This year, there’s one issue that HR will not have to sell to the board.
Family-friendly working policies are set to dominate the forthcoming general election as the major political parties will aim to win over the electorate with a raft of policies designed to improve work-life balance.
The Labour Government isn’t wasting any time in preparing the election battleground. Plans for a new Bank Holiday in a third term reflect a desire to be seen as the party of flexible working practices.
As the manifestos are published and the election campaign begins, so the work-life balance message will spread.
Whoever wins the election, staff are likely to end up with greater expectations of flexible working, and employers will be expected to deliver. In a tight labour market, they will have to worker harder to keep workers motivated and engaged. This will have a knock-on effect for recruitment, reward and recognition policies.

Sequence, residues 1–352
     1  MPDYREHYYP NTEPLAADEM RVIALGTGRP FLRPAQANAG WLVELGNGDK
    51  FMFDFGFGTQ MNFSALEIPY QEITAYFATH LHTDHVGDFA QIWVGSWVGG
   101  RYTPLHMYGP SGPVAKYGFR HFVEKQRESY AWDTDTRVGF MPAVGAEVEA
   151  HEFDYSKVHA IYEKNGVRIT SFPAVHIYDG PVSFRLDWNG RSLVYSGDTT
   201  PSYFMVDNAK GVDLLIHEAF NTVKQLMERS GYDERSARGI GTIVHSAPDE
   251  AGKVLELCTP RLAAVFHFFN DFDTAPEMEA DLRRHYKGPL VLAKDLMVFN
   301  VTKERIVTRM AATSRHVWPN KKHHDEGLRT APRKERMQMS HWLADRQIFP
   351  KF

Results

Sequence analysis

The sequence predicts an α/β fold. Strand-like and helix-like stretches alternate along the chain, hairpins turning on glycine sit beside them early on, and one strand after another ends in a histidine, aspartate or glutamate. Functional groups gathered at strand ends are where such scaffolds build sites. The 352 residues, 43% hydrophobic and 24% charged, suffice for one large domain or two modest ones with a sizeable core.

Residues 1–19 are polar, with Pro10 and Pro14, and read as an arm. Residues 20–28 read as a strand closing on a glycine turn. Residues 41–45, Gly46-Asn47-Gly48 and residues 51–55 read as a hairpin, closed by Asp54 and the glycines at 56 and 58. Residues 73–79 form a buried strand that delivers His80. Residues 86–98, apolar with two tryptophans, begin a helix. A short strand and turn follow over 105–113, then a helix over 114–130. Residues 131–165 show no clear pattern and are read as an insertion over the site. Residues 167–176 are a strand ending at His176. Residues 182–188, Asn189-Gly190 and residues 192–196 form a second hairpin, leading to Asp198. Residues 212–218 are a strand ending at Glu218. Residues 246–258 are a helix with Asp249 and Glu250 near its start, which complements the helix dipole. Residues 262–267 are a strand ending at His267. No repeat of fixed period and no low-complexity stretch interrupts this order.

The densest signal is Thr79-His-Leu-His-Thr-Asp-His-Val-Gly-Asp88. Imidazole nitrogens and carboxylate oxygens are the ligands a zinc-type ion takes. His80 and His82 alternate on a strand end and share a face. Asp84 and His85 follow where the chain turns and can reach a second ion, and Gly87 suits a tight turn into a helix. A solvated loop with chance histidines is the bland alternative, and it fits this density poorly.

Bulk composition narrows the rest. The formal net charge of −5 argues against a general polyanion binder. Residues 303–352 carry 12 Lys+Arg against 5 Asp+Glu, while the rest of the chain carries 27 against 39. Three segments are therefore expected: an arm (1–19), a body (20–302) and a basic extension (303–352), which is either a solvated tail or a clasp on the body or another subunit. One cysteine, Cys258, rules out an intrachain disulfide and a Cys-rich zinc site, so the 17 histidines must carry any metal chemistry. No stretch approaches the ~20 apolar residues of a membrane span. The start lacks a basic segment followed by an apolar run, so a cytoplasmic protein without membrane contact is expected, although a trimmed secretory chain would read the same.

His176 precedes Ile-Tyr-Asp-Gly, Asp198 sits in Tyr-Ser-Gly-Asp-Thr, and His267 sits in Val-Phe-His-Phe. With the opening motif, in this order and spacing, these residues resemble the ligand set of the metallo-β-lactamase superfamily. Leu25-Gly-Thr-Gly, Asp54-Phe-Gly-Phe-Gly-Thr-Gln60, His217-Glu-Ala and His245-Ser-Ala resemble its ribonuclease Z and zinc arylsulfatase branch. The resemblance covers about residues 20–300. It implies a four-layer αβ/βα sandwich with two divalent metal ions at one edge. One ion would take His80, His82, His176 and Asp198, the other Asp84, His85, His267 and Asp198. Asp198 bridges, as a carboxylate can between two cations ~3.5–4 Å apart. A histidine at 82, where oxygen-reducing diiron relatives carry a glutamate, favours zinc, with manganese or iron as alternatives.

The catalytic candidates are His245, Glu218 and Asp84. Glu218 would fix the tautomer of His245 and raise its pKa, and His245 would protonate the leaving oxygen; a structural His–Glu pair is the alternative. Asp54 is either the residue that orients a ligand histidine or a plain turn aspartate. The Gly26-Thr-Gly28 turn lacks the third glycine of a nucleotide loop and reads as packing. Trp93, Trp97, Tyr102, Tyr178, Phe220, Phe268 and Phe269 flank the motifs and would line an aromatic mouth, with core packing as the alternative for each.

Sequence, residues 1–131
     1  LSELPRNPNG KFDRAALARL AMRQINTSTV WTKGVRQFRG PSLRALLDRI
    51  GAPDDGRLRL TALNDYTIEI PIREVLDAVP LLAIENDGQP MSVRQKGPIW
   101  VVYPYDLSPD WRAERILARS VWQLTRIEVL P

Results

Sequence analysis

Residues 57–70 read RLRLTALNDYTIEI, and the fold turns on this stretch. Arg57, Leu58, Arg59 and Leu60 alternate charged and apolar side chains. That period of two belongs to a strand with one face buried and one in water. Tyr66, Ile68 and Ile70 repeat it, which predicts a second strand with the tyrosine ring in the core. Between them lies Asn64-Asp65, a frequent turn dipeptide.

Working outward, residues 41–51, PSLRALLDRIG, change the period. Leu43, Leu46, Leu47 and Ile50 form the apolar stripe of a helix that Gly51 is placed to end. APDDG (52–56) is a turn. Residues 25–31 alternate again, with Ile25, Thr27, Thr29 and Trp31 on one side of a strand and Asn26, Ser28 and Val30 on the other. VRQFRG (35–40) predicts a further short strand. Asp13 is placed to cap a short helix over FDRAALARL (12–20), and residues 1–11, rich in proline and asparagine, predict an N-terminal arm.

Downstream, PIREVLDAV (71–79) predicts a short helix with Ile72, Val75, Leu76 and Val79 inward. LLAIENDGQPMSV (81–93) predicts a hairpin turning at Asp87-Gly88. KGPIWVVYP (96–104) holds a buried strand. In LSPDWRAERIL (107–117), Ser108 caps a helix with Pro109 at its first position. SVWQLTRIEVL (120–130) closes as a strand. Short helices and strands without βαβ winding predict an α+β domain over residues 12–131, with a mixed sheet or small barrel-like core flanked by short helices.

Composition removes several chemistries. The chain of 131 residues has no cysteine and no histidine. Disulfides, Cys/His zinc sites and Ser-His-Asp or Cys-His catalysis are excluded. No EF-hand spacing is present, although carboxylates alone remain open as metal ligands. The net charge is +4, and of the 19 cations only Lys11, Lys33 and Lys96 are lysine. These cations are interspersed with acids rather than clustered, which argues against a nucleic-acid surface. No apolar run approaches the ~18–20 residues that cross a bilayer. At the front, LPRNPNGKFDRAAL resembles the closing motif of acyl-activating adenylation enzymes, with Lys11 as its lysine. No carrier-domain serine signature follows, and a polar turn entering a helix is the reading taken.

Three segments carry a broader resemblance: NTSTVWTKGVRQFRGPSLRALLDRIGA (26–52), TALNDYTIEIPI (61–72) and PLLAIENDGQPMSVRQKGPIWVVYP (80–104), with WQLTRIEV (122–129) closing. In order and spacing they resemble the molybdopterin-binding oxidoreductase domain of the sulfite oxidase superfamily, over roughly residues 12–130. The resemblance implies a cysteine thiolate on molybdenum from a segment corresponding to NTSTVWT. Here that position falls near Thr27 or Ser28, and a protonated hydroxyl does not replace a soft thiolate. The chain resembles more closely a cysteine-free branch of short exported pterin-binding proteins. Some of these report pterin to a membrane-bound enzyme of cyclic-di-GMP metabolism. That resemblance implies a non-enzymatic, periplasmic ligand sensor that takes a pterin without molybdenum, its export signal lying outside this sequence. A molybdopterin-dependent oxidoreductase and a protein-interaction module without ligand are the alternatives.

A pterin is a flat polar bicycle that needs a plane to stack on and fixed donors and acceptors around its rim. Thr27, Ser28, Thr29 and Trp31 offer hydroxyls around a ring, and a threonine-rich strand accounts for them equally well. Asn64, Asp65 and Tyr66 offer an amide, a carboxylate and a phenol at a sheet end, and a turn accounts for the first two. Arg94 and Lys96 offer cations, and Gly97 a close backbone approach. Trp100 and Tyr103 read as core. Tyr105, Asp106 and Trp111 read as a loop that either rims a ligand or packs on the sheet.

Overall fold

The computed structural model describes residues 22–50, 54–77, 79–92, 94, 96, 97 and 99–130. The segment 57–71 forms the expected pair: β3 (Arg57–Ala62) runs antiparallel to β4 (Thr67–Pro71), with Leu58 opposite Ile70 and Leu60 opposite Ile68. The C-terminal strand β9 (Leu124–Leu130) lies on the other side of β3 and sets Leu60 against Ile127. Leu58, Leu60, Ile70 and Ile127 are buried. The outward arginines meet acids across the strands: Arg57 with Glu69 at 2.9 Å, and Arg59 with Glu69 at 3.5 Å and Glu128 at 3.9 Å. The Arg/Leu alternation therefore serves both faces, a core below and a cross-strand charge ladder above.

Aside from looking at the needs of the wider organisation, HR directors will also have to consider the effect of family-friendly policies on their own departments. How will resourcing needs change? Will skills requirements be affected, and how?
By putting working life at the top of the election agenda, the Government is asking all of us to think about how we want to work. Whatever the outcome of the election, and whatever workplace legislation is introduced, this HR issue is now top of the political and social agenda. And that can only be a good thing.